Sirius XM Holdings (NASDAQ:SIRI) has feasted on the back of car sales over the years, so it's only natural to wonder what would happen if auto sales were to shift into reverse.
Some will argue that it's already happening. The popularity of mass transit, next-gen car services, and the urbanization movement are giving drivers fewer reasons to own a car.
KPMG's Gary Silberg was on CNBC on Tuesday morning, discussing a study that shows the trend away from homes that own two cars or more. The study concludes that just 43% of homes will have two cars or more come 2040, down from today's household rate of 57%.
The demographic shift is real, and for now it's being led largely by millennials who don't want to spend roughly $5,000 per year in average auto ownership costs when there are more cost-effective ways to get around. With money tied to student loan payments, smartphone data plans, and online connectivity, it just doesn't make a lot of sense to own a car in major cities where Zipcar-like cars are available by the hour and mass transit is reasonable. Commuters are taking to the bus and train more than they used to with mass transit usage up 37% since 1995.
However, the real game changer these days is the booming popularity of peer-to-peer taxi services. Uber's leading the way with others including Lift as alternatives to folks who need a quick and cheap ride. Uber's success -- and with its latest financing round valuing the upstart at a cool $30 billion, we can unequivocally call it a success -- has to leave the automotive industry scratching their heads.
Driving a car is becoming a cottage industry, and that opens the door for more active drivers who will need to upgrade more often. However, it will also naturally limit the number of people buying cars, and that's where Sirius XM investors need to be careful.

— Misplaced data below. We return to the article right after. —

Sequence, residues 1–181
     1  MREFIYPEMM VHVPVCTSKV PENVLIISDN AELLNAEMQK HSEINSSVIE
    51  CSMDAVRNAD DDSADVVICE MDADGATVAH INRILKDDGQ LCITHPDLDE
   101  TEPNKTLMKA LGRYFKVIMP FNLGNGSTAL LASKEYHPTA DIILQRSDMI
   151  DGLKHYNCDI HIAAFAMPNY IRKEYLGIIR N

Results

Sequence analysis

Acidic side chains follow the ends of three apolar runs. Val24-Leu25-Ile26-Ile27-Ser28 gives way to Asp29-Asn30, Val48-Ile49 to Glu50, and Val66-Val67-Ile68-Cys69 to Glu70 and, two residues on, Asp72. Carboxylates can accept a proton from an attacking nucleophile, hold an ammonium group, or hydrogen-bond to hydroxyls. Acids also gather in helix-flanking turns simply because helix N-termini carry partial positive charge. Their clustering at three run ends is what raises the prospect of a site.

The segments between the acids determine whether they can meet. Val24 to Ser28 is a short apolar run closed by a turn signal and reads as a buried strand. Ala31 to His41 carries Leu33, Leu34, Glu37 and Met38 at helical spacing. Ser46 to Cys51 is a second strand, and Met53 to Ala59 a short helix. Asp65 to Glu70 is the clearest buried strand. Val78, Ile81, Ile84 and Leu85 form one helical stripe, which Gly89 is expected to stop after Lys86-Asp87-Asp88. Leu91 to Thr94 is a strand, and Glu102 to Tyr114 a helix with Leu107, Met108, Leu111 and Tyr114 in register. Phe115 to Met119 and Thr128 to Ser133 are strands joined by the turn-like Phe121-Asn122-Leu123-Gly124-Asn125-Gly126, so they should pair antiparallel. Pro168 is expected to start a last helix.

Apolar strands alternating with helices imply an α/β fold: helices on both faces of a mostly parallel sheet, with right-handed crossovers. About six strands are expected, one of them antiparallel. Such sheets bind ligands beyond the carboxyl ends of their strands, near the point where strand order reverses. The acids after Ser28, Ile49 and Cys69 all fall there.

Growth itself has been slowing. Sirius XM's top-line growth has gone from 13% in 2012 to 12% last year. Its guidance suggests revenue growth of 9% this year, and analysts see that continuing to decelerate to 8% come 2015. This growth has been riding on Sirius XM's receivers penetrating the car market, but what happens if Uber continues to take off?
KPMG's Silberg pointed out on CNBC that cars sit dormant 90% of the time. This is the reason why car-sharing platform RelayRides and now the Uber-led peer-to-peer driving service revolutions have taken off. Sirius XM's been successful despite its in-car receivers being inaccessible most of the day (customers pay extra for streaming access). If more people decide to ditch the car and take advantage of Uber to get around it could be a problem.
Even if the Uber driver offers Sirius or XM to passengers, it's all about lowering the number of cars needed in an asset-sharing model. Then again, now that Spotify struck a deal to let passengers stream their own playlists in select cities, maybe even assuming that Uber drivers will have satellite radio subscriptions could be a stretch.
Sirius XM isn't going away. It's big. It's profitable. It has a monopoly on satellite radio. However, the Uber trend could be challenging as more consumers approach auto ownership differently. Sirius XM survived the threat of streaming services, but now it will have to overcome the potentially more problematic movement away from cars themselves.